It additionally became mandatory to wear face coverings in shops in Scotland from 10th July 2020 and in England from 24th July 2020. In preparation for enforcing these regulations Dame Cressida Dick, the Commissioner of the Metropolitan Police, the UKs most senior police officer, said that people not wearing ‘masks’ should be “shamed into complying or shamed to leave the store by the store keepers or by other members of the public” (BBC, 2020). This comment from a national leader seems to justify the peer-policing of people who might actually have a legitimate reason for not wearing a face covering.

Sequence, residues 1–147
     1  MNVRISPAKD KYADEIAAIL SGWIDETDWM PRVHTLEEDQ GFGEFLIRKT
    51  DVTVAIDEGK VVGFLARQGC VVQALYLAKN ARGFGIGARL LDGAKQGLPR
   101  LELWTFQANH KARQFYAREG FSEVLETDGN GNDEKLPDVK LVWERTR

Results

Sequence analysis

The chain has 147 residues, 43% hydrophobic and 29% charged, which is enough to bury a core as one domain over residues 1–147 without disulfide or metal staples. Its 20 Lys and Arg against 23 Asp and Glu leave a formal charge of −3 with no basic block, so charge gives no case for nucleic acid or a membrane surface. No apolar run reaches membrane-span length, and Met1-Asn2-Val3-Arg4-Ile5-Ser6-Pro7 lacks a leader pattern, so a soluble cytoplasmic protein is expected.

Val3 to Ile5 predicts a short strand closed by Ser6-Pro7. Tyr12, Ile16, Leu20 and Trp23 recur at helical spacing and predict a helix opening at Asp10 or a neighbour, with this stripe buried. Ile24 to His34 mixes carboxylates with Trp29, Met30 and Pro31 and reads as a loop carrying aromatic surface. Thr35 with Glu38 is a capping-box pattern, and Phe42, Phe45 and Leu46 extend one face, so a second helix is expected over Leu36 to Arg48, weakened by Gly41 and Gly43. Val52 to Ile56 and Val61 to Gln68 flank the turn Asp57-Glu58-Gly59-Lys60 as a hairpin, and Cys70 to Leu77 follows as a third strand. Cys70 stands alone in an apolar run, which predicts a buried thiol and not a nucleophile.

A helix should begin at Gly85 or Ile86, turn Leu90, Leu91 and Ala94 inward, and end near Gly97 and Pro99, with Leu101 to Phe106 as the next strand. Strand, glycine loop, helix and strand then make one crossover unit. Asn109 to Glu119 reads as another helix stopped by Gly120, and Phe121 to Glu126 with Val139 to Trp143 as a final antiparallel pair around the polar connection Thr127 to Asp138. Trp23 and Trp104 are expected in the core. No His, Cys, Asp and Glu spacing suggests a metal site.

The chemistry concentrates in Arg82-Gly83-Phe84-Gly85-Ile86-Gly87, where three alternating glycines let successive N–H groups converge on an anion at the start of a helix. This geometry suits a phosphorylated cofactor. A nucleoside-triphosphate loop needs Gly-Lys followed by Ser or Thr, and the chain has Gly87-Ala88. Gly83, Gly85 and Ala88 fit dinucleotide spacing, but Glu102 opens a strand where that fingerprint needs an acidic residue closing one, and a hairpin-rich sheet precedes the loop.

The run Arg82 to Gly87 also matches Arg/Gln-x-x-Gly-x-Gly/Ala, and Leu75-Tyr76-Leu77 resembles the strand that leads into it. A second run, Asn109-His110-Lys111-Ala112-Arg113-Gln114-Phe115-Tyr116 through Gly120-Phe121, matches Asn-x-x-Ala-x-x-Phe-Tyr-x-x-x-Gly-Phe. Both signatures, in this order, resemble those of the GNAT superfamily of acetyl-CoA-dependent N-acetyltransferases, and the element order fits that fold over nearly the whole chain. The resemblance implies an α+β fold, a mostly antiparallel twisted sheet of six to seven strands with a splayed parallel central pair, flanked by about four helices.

Soon after the introduction of mandatory face coverings on public transport, disabled people started to contact the author. At the time of writing 46 notifications had been expressed. One female, who could not wear anything covering her face because of breathing difficulties, was ridiculed by another passenger. The perpetrator addressed fellow train passengers whilst pointing to the victim and blaming her for ‘deliberately infecting other people’ and ‘trying to bring other’s down to her level’. In a similar attack where the victim was portrayed similar to ‘the star of a freak show’, a female perpetrator shouted above the head of the wheelchair-using victim saying that ‘everyone should stand well clear – this one isn’t wearing a mask’. The offender also stated, whilst specifying the victim, that ‘these people are a threat to us all’.